ZOH dee ak, is a band-shaped section of the sky that contains 12 special constellations.
The zodiac extends about 9 degrees on either side of the ecliptic, the yearly path the sun
seems to follow in relation to other stars.
The zodiac in astrology. The zodiac has special meaning to people who follow astrology,
the belief that the stars and other heavenly bodies influence people's lives. Astrologers
divide the zodiac into 12 equal parts called signs, named after the zodiac's 12
constellations. The 12 signs--and the 12 constellations--are Aries, Taurus, Gemini,
Cancer, Leo, Virgo, Libra, Scorpio, Sagittarius, Capricorn, Aquarius, and Pisces.
Astrologers believe that each person comes under the special influence of a particular
sign of the zodiac, depending on the date of the person's birth. For example, anyone born
from March 21 to April 19 has Aries as his or her sign and is called "an Aries."
Astrologers think that people born under each sign have certain characteristics. An Aries,
for example, is supposed to be bold, energetic, and strong-willed. However, scientists and
many other people consider astrology to be no more than a superstition.
The origin of the zodiac. Prehistoric people probably noticed that the seasons changed
every year when certain groups of stars reached certain positions in the night sky. These
early people may have invented the constellations by giving the groups names that could be
represented by human, animal, or other figures. The outlines of the figures, drawn over
maps of the night sky, would have helped the people identify and remember the groups. The
word zodiac comes from an ancient Greek word meaning circle of animals.
Over thousands of years, the constellations have changed their positions in the sky with
respect to the celestial equator, an extension of the earth's equator into space. For this
reason, people have identified different constellations at different times. According to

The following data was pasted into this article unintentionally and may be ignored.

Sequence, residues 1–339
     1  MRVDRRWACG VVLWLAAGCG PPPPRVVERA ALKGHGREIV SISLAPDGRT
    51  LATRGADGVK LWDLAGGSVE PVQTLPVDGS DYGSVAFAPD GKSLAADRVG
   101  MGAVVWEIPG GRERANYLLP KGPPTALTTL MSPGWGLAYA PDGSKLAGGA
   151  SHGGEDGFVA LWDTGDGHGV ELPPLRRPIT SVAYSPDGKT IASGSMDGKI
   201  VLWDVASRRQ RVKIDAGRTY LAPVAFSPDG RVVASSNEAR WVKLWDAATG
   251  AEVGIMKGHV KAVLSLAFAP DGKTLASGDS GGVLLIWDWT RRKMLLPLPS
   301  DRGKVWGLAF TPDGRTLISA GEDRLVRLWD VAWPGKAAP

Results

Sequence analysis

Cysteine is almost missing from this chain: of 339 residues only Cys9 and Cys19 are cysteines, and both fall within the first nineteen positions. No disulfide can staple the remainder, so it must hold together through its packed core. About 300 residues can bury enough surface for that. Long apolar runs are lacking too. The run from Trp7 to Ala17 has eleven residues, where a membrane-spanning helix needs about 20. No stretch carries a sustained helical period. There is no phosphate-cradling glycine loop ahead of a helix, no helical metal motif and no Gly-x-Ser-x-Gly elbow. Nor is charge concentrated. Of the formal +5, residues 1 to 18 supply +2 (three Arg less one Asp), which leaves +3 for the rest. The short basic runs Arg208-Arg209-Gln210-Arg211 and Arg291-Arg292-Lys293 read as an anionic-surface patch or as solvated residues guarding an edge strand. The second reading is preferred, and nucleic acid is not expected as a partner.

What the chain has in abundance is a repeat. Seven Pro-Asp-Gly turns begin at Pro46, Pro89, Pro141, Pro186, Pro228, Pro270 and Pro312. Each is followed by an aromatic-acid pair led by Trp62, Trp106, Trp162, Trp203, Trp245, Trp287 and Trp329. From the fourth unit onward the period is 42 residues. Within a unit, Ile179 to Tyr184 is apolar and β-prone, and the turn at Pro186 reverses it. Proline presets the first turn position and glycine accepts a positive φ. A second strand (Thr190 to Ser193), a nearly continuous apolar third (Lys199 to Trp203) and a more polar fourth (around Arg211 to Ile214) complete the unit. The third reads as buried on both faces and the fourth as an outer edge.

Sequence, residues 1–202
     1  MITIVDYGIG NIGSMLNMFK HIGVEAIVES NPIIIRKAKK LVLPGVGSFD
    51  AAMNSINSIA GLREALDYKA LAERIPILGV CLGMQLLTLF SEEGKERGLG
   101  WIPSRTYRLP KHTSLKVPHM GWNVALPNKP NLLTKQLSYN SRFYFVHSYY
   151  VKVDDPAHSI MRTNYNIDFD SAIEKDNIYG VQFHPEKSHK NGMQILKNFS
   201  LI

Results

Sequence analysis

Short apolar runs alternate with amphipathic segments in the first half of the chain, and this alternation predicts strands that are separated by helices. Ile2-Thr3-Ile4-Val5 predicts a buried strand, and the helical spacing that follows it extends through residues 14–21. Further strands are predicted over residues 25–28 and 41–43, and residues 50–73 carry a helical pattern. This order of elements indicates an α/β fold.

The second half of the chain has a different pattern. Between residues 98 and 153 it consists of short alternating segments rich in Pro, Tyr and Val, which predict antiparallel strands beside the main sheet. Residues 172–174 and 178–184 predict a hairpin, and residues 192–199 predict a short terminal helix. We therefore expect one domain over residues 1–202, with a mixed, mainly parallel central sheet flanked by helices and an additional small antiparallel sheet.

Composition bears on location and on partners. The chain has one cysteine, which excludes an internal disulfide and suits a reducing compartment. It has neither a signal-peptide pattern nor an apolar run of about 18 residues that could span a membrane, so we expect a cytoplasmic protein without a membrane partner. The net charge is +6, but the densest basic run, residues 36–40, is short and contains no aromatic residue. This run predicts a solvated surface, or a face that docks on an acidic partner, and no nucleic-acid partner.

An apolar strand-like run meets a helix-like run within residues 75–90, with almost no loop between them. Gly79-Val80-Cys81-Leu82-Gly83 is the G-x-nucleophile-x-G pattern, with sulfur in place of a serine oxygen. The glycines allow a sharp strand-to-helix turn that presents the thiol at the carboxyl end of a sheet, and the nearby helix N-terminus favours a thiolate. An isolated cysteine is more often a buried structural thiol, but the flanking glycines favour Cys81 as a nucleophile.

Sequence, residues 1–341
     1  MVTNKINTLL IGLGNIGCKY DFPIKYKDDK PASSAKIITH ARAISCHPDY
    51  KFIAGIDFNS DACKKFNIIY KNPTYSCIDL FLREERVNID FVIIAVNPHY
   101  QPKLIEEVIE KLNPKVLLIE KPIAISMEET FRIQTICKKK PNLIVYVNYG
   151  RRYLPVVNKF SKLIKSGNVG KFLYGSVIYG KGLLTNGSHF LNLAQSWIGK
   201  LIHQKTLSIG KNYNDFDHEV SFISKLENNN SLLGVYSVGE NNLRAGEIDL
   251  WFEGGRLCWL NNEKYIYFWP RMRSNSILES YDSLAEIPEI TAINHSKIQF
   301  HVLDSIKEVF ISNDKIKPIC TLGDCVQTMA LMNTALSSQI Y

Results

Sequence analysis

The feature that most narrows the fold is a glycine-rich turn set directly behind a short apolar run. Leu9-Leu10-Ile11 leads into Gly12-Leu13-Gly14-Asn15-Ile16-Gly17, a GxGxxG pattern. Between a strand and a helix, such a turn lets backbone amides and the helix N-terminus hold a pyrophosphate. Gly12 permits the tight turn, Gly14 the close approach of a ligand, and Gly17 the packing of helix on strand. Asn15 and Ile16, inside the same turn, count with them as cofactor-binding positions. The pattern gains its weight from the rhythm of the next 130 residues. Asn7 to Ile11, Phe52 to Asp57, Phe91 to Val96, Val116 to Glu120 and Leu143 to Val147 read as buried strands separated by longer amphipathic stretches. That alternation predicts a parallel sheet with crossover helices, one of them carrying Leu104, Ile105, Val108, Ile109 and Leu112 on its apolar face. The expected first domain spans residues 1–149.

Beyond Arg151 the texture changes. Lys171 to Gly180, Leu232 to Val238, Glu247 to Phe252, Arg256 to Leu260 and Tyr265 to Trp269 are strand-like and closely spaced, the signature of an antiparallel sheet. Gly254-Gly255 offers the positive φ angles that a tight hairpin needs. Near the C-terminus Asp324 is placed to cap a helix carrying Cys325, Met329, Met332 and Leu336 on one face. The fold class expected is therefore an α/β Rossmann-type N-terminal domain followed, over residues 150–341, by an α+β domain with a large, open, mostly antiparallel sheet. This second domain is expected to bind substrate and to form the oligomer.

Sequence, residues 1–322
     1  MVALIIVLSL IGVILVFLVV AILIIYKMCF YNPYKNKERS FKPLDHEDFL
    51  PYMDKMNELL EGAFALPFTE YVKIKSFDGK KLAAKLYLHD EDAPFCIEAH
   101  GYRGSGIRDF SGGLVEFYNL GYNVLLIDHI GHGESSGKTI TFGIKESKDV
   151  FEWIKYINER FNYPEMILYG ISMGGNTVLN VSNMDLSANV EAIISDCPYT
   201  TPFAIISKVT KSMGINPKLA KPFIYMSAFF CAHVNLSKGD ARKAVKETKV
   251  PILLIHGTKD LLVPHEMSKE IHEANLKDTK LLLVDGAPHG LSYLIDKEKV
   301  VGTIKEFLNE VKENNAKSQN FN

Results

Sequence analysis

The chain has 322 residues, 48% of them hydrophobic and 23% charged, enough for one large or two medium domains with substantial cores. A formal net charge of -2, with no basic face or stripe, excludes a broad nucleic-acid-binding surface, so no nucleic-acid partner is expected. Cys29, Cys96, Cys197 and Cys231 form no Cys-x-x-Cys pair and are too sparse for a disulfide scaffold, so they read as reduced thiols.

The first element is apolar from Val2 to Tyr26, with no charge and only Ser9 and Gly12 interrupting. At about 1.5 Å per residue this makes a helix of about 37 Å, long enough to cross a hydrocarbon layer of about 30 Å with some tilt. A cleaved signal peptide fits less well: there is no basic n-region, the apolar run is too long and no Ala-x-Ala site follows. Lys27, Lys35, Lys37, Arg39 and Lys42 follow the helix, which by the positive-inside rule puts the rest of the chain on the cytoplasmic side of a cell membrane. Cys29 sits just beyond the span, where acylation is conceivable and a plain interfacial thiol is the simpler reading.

some historians, the constellations of the zodiac were named in three stages. Gemini,
Virgo, Sagittarius, and Pisces were named during the 5000's B.C., when these
constellations appeared at the ecliptic in spring, summer, autumn, and winter,
respectively. The first farmers in the Middle East may have looked for those four
constellations as markers for the change of seasons.
By the 2000's B.C., the ancient Egyptians and Mesopotamians had probably identified the
constellations Taurus, Leo, Scorpio, and Aquarius as seasonal markers. Aries, Cancer,
Libra, and Capricorn may have been added in the 1000's B.C. The earliest known horo-scope
to mention all 12 signs of the zodiac dates from about the 400's B.C.
The Eastern zodiac, also called the Chinese zodiac, is a set of symbols used since ancient
times in China, Japan, Korea, and some other Asian countries. The Eastern zodiac does not
involve constellations and has no historical connection with the Western zodiac. Both
zodiacs, however, consist of 12 symbols. And in both, according to popular belief, the
symbol a person is born under influences the person's character and fate.
The 12 symbols of the Eastern zodiac are animals. The zodiac matches the animals to years
that repeat in a 12-year cycle. The years 1984 and 1996, for example, were years of the
rat. The 12 animals, in chronological order, are the rat, ox, tiger, rabbit (or hare),
dragon, snake, horse, sheep, monkey, rooster (or cock), dog, and pig (or boar).